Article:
Douglas Rosenberg

I was attracted to art that was as transformative as possible; indeed, I thought this was what art was. You took life and turned it, by some charismatic, secret process, into something else: related to life, but stronger, more intense and, preferably, weirder.

Julian Barnes, Keeping an Eye Open

I was thinking about Nathan Englander’s title, What We Talk About When We Talk About Anne Frank, a book that alludes to a Raymond Carver story called, What We Talk About When We Talk About Love. That led me to a short essay by the critic Roberta Smith called, What We Talk About When We Talk About Art. In Smith’s version of the titular phrase, she addresses the “creeping usage” of particular descriptive words attached to art-making whose usage, “converts art into a hygienic desk job and signals a basic discomfort with the physical mess as well as the unknowable, irrational side of art making.”

While thinking about this circular appropriation and the recycling (upcycling?) of Carver’s original title, I was reminded of Joseph Kosuth’s One and Three Chairs, a work of art that may or may not be a work of art. It might be a philosophical problem or a semantic puzzle. It may be an idea about a work of art. It can be a frustrating and inscrutable piece to consider.

One and Three Chairs, Joseph Kosuth,1965

One and Three Chairs, Joseph Kosuth,1965

In One and Three Chairs, Joseph Kosuth famously represents one chair three ways: as a manufactured chair, as a photograph and as a copy of a dictionary entry for the word “chair.” The resulting installation presents the viewer with an object, an image, and words, in order to ask us to consider how meaning is constructed. In Duchampian style, Kosuth did not make the chair, take the photograph, or compose the words, instead arranging all in a particular (conceptual) way to force a question about art.

What do we talk about when we talk about art? More and more, as I teach, write, make and talk about art, I am inclined to denote the word thusly: art. The italicized version of the word seems an appropriate way to denote difference. Because, what we talk about when we talk about art is not the same, given that the “we” in the sentence is an unknown, as is the “art.” We make considerable assumptions when we talk aboutart. Do we mean Art or art? Which function of art are we speaking of and what are the intentions of each speaker; what is our stake in such a conversation?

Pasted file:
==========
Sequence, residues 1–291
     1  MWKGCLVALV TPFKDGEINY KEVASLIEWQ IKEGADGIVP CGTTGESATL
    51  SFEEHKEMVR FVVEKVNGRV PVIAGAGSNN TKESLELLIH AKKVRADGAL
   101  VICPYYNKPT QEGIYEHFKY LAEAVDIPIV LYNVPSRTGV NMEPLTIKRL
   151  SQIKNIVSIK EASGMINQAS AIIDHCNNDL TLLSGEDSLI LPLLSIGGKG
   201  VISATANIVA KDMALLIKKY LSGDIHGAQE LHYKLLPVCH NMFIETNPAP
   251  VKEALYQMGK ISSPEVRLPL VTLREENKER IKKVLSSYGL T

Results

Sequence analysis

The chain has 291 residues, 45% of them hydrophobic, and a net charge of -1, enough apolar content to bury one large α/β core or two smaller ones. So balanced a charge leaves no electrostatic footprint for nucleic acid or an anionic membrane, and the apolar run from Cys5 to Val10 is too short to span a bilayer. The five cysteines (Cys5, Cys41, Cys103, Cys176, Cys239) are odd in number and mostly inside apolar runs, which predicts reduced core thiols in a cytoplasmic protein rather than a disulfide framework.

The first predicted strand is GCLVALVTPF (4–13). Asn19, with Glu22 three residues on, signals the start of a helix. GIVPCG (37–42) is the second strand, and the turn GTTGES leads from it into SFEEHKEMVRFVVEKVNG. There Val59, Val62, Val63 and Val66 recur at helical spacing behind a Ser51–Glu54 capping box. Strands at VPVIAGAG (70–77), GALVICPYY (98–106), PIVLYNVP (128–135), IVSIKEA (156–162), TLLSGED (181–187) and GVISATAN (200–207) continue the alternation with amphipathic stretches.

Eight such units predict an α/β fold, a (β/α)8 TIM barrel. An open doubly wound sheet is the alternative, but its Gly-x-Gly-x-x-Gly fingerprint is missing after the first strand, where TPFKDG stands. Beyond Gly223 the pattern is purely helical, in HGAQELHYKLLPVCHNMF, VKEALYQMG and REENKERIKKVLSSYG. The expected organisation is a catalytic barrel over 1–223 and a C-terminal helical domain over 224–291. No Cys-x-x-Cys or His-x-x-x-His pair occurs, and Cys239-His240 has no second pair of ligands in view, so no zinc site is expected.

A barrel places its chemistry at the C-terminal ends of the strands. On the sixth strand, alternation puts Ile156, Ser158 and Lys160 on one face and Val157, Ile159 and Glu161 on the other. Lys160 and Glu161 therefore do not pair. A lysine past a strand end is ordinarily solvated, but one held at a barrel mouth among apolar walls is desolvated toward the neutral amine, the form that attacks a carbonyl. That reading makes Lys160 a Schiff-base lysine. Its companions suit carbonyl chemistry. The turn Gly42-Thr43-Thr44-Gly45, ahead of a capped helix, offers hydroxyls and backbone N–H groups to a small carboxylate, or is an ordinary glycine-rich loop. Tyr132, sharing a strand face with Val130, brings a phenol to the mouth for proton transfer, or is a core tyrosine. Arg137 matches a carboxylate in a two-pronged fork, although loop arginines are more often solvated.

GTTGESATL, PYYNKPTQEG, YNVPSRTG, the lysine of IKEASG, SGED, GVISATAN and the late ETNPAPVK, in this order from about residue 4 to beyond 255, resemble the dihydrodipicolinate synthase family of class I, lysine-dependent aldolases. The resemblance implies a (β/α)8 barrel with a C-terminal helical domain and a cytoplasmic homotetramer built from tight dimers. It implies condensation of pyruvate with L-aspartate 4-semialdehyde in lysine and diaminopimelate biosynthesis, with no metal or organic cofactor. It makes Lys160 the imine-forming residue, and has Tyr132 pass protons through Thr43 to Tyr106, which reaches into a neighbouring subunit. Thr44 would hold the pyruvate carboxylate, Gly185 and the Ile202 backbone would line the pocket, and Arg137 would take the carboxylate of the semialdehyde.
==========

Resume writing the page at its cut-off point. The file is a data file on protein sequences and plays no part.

Perhaps we should consider one and three ways to write about the subject in general: Art, art, and art.Each iteration of the word, its state of difference, suggests a nuanced understanding of how it is being deployed; what it alludes to and what it aligns with. Each of the three iterations signals its intentions and announces its own identity politics.

The Kosuth piece is clearly directed at an audience that subscribes to an orthodox version of art, one that is inside and (perhaps we could say) enlightened. It is tempting to invoke the transformative reach of the tools of language to create emphasis around the language of art. However, it is the process of art that creates art or Art. How we talk about art and, further, how we write about art transforms our understanding of it and clarifies where it belongs in our own personal index of experience.

Very best,
Douglas Rosenberg
Chair, UW-Madison Art Department